The HTX linker is equipped to detect when documents have changed and to decide when re-linking is necessary. However, it takes a pragmatic approach to this in order to keep linking time to a minimum. As a result, there are occasions on which it may report that no documents need to be re-linked when this is not, in fact, the case.
This section is intended to help you understand when you need to re-link your hypertext documents and how to tell the linker to do this for you.
A documentation set may need to be re-linked whenever any file in any of its documents changes, or when any document is added or removed, or moved to a new location. The HTX linker detects changed documents by observing the modification dates of the document “.htx” directories, the associated index files, and both the modification date and contents of the “htx.log” date-stamp file in each document library.
This process is effective, except that it is sometimes possible to modify an HTML file within a
document without changing the modification date on the “.htx” directory that contains it. This is
particularly likely if the HTML file resides in a sub-directory within the document. If such
modifications are carried out, a simple remedy is to use the UNIX
touch command to update the
document’s “.htx” directory and record the change before running the linker.
As an alternative, the
hlink command may be invoked with the
-d flag to specify a deep dependency
test of all document files. This causes it to check the modification dates of all the HTML files in all the
documents in order to detect changes. This is a thorough way of detecting changes, but may be rather
too slow for regular use on large document collections.
You should also remember that re-linking can be rendered necessary not only by changes in document
contents, but also by changes in document location. Thus, if documents or libraries are moved, it is
always wise to re-run
There are several ways to force a re-link of a document or library.
To re-link a particular document, or set of documents, from scratch, their index files may simply be removed, using a command such as:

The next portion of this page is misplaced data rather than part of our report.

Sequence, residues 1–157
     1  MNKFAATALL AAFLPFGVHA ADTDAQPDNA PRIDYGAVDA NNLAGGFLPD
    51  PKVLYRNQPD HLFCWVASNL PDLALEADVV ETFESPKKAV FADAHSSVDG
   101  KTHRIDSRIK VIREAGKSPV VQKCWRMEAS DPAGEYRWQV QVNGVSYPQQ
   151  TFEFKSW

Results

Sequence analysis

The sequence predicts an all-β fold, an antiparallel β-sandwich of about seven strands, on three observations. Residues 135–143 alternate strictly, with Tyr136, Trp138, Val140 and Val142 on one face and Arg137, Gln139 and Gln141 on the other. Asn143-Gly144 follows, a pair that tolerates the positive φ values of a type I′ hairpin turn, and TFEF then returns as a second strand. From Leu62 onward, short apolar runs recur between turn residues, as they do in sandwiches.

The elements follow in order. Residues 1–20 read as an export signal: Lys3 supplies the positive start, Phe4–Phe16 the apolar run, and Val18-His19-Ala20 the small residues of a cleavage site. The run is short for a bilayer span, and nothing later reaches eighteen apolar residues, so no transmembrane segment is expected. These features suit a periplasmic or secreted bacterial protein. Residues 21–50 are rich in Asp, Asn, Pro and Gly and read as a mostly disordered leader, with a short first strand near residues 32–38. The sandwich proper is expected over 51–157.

The linker will then re-generate these indices and consider the affected documents to have changed.
They, and all other documents that refer to them, will then be re-linked as necessary. Alternatively, to
re-link all documents from scratch in this way, the
-a flag may be given on the
Removing the “htx.log” date-stamp file from a document library will also force the documents in that library to be re-linked but without unnecessarily re-generating any of its index files. This can be somewhat faster if the index files are known to be up to date.
It is often convenient to use the
hlink command as part of software-maintenance procedures, such as
in makefiles, since this allows your documentation set to be re-linked automatically whenever
software is installed or de-installed. However, in a large software installation this can take some time.
Rather than re-linking after each item of software is changed, it can sometimes be more efficient to
wait until a sequence of changes has been completed. A grand re-link of the entire documentation set
can then be performed.
To permit this, you can set the
HTX_NOLINK environment variable (to any value). While this variable is
hlink command will cease to function normally. Instead. it will simply produce a message
saying that hypertext linking has been suppressed. You can then perform your software updates
without waiting for re-linking to occur. When you have finished, you can un-set the
environment variable and use
hlink to bring the cross-references in the associated documentation up